It’s been a while since I’ve done some crafty content over here on the blog, but as the name suggests, I love making stuff and I have missed sharing my DIYs over here.
I often say that making cards was my first craft-love. As a child, I adored making cards for people and still do. Naturally, over time, my style has changed and I’ve honed my skills a bit since then (or so I’d like to think).
I recently made a really quick and simple card and thought I’d share it with you.
Ever walked into the hardware store and walked out with an armful of colourful paint chips? I know I have, much to the chagrin of the store assistants. Those colourful little chips have so much potential!
On a recent trip to the hardware store, I was running around, desperate to grab what I needed and leave. But something (maybe the fact that its a giant rainbow wall) stopped me in my tracks and made me go up to the paint chip wall, grab two and take them with me.
I decided to use one to make a simple gradient effect card. Its just in time for Fathers’ Day too, so why not give it a go.
You will need:
Paint chip card
First, fold the cardboard to an appropriate size for your card.
Then, cut the different shades from the coloured paint chip into equal squares. I used 9.
Place them in a grid from lightest to darkest (you could do any order though).
Once you’ve planned out your pattern, use glue or double-sided tape to stick them down.
Lastly, add a message above or below the coloured squares. I used my favourite trusty alphabet stamps but you can use a pen, paintbrush or anything else.
That’s it! It’s pretty simple and I love the gradient look. If you give this a go, send me a pic! I’d love to see what you create.
I decided to do something a little different for my school books this year – making my wrapping paper so I can have prints I love. Since its the festive season too, and wrapping paper is expensive, here are a few fun ways with brown paper that are cost-effective and classy.
You will need:
Paint (I chose black acrylic)
Lay down some newspaper before you start – brown paper is quite thin and the prints you make may bleed through onto the surface under your paper.
Tape your sheet of brown paper down. Mix the paint with a little bit of water and load your brush. Flick the brush and the paint should leave splatter prints on the paper. Leave to dry.
Carve a shape out of an eraser. A potato works fine too. Paint one side and press it onto the paper to make a print. Leave to dry.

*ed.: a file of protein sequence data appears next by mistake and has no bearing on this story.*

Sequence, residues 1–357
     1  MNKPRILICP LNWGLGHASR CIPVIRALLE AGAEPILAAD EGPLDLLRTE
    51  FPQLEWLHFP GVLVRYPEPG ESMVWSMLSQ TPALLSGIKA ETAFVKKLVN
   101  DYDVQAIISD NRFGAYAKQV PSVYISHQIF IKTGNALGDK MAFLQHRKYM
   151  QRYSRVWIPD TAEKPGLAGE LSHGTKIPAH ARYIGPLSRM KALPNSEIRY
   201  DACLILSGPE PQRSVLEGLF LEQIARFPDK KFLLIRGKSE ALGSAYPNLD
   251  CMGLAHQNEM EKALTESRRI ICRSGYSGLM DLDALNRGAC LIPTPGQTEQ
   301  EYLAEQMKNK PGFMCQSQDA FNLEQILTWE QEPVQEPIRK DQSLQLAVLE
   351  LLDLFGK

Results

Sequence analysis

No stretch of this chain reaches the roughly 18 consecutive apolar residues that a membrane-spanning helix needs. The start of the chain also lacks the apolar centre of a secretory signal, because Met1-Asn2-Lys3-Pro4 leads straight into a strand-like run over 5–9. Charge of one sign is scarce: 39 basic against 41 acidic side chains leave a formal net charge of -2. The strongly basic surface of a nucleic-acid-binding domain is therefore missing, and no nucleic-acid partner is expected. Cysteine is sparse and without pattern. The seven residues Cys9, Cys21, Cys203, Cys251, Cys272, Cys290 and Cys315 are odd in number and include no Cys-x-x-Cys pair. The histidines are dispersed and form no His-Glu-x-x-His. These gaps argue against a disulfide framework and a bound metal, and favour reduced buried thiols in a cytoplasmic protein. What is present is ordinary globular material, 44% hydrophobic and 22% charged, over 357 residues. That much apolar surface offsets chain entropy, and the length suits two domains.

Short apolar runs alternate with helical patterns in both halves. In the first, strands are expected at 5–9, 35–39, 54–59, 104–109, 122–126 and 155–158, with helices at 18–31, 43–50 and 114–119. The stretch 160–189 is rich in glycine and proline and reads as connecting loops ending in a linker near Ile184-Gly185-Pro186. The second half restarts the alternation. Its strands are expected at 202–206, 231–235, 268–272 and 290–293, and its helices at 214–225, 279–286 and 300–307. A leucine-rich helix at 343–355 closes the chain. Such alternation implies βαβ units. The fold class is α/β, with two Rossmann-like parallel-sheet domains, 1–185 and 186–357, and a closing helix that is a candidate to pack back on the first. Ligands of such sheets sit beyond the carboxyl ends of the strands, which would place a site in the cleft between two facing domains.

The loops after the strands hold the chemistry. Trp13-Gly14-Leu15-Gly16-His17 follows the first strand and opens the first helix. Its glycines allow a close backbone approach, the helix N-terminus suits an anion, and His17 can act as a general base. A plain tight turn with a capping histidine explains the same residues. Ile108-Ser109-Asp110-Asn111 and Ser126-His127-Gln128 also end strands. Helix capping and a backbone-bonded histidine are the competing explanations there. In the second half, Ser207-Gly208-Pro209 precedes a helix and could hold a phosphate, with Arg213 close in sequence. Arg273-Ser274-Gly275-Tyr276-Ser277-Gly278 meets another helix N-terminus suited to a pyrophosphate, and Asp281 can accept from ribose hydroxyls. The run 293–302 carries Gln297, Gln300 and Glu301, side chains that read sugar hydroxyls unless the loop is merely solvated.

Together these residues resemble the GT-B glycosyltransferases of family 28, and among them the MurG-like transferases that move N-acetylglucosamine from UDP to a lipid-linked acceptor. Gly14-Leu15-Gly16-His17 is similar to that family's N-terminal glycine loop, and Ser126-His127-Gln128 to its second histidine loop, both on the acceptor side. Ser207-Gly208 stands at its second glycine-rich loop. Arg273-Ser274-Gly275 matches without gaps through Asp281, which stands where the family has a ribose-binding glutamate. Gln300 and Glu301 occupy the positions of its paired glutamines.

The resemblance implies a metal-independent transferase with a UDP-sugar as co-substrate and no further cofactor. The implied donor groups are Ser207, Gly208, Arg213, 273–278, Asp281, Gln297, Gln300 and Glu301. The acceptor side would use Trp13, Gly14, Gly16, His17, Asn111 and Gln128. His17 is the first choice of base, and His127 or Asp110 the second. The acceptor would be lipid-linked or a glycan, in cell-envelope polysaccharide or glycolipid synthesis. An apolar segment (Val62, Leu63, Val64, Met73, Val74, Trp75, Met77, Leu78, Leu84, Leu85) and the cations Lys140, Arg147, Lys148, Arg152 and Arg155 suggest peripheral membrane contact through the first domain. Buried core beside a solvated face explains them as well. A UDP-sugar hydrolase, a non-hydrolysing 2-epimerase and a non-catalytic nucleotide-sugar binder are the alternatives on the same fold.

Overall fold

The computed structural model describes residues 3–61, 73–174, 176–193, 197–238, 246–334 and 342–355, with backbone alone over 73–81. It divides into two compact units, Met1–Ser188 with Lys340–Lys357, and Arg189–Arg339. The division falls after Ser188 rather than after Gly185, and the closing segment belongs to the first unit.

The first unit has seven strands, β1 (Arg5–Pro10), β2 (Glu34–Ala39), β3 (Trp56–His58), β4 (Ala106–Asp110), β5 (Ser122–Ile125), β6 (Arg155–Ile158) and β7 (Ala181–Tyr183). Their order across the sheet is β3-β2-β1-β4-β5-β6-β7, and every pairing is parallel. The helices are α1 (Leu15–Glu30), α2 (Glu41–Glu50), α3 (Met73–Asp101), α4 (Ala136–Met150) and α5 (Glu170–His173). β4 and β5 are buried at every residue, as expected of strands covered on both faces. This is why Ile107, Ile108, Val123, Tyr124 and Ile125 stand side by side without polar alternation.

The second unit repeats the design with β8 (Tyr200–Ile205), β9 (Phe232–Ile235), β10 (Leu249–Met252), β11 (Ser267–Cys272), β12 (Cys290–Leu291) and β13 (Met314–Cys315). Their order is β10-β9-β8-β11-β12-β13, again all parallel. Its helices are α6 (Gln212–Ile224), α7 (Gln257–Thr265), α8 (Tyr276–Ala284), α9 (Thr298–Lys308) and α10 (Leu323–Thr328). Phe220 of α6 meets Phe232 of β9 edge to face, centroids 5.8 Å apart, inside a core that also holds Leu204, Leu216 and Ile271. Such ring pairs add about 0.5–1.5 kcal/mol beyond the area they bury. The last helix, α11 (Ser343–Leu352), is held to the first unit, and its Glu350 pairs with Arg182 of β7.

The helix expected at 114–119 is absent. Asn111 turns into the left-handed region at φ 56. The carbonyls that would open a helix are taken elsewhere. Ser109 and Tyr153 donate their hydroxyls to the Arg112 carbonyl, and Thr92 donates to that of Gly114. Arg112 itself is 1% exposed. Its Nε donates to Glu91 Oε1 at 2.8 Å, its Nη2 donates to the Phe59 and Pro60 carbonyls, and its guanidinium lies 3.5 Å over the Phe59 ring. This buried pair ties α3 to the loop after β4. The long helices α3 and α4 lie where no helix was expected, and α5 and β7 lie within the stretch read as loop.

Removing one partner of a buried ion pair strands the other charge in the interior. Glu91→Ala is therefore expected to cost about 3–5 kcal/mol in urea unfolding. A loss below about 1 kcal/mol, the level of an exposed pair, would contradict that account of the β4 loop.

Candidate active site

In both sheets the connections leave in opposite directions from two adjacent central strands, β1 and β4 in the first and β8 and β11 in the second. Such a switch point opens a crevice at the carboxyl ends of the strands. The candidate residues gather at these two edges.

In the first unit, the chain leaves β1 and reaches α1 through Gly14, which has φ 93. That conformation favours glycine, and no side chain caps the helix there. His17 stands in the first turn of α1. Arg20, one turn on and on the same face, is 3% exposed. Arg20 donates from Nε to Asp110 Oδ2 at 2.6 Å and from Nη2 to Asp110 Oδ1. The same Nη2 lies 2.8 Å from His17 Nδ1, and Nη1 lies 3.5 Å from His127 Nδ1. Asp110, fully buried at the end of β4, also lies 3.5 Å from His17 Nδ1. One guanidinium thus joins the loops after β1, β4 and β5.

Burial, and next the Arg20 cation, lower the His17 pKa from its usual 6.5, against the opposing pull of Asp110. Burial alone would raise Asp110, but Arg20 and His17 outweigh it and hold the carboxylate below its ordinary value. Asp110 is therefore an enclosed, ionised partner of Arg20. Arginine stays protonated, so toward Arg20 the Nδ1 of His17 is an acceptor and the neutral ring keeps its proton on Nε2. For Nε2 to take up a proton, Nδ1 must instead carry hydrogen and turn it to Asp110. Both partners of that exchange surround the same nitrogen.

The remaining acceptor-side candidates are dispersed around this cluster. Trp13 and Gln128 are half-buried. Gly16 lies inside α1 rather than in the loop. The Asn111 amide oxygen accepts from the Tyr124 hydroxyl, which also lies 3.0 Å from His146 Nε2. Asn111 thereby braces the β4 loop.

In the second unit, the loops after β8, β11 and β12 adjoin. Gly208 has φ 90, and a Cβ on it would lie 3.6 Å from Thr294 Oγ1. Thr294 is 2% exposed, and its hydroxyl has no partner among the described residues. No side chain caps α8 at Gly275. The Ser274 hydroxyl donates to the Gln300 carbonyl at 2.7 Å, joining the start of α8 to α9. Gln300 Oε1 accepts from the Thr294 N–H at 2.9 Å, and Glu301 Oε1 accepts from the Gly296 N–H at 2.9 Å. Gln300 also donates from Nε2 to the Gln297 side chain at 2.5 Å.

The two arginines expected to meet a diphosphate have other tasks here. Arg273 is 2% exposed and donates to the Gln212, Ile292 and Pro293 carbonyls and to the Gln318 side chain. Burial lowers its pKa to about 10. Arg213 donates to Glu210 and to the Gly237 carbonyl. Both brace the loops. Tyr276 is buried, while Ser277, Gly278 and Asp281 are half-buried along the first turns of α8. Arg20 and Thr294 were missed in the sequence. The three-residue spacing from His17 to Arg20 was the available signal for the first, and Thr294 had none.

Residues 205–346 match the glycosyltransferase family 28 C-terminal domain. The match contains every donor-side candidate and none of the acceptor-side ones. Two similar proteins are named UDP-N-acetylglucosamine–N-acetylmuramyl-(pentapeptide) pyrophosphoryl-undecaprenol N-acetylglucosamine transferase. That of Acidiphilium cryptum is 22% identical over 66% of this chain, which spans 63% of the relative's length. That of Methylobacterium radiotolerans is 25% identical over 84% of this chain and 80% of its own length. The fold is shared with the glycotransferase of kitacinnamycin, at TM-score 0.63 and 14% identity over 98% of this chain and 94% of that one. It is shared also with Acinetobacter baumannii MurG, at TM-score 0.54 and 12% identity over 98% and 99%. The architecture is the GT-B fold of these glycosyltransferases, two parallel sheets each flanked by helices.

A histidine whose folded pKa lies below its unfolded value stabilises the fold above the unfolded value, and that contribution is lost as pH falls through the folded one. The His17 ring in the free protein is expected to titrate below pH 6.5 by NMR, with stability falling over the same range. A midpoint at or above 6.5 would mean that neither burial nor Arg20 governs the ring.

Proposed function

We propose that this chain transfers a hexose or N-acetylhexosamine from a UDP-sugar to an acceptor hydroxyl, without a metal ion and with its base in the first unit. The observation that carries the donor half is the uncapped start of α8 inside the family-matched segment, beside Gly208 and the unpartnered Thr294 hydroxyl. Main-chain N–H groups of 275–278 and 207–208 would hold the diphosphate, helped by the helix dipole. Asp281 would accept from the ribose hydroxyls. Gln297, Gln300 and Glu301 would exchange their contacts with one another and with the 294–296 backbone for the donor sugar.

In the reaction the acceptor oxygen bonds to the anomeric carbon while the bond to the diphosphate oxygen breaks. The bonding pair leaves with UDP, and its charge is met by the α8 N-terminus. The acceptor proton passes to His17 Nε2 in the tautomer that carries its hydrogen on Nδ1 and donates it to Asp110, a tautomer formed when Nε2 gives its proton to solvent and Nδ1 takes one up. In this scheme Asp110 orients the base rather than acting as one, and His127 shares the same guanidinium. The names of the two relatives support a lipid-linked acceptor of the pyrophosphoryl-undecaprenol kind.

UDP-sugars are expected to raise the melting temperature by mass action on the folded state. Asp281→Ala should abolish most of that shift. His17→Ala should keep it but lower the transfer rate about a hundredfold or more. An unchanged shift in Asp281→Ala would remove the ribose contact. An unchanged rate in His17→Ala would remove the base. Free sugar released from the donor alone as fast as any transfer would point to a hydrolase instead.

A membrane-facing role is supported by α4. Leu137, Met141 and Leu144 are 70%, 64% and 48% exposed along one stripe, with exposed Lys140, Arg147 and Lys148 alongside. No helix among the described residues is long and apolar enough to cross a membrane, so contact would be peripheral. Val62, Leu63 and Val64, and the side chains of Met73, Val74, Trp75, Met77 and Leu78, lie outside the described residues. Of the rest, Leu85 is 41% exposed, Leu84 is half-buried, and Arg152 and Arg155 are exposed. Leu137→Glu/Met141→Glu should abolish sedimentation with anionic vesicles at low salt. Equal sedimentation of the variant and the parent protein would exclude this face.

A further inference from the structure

Choose a leaf that has a definitive vein pattern. Paint the back of it, and gently press it onto the sheet of paper. Repeat it in a pattern you like. Leave to dry.
Its really quick and simple. I love the monochrome, but if colour is your vibe, use different paints.
If you’ve been following me on Instagram, you’ll know that I have been doing a weekly project where I have been creating one watercolour piece a week for 2017. It’s week 40 this week, and so I thought I’d share a bit about my project with you.
After completing my 366 days of quotes project last year, I knew I wanted to do something this year, but just not as intensive as a daily project. I thought about skills I wanted to hone, and decided that a watercolour project would be perfect. Watercolours are easy to use, they don’t smell bad, clean up is quick and painless and the paper and paint is relatively cheap (well, as cheap as art supplies get. Emphasis on the relative part). And so I set out to paint 52 paintings by the end of the year.
There are many perks of doing a weekly project. It’s a wonderful way to force yourself to carve time out each week to create, and my weekly paint and paper sessions are highly therapeutic and rewarding. It can suck slightly when you feel as if you run out of ideas and feel as if you don’t have much time. The best advice I can give you is to push on, and not be too hard on yourself. After all, it is supposed to be enjoyable and not feel like some kind of creative torture.
So if you feel as if you could use some practice in a new skill, or you just want to create some intentional time to create, try a weekly or daily project. You’ll be surprised at how much you’ll improve and how innovative it’ll make you!
Here are some of my favourite pieces from my project so far.
I could feel that I was getting bored of my workspace a little while ago, so I decided to make a garland to add some visual interest to my space again. I love the graphic look of the lunar cycle and so the good ol’ moon was the inspiration for this DIY.
You will need:
About 1-1,5 metres of string
Anything round the trace around
Little wooden pegs (or alternatively, tape)
(If you want it to be in the correct lunar order, it is: new moon, waxing crescent, first quarter, waxing gibbous, full moon, waning gibbous, third quarter, waning crescent)
I love having mine in my workspace. It makes it interesting and fun.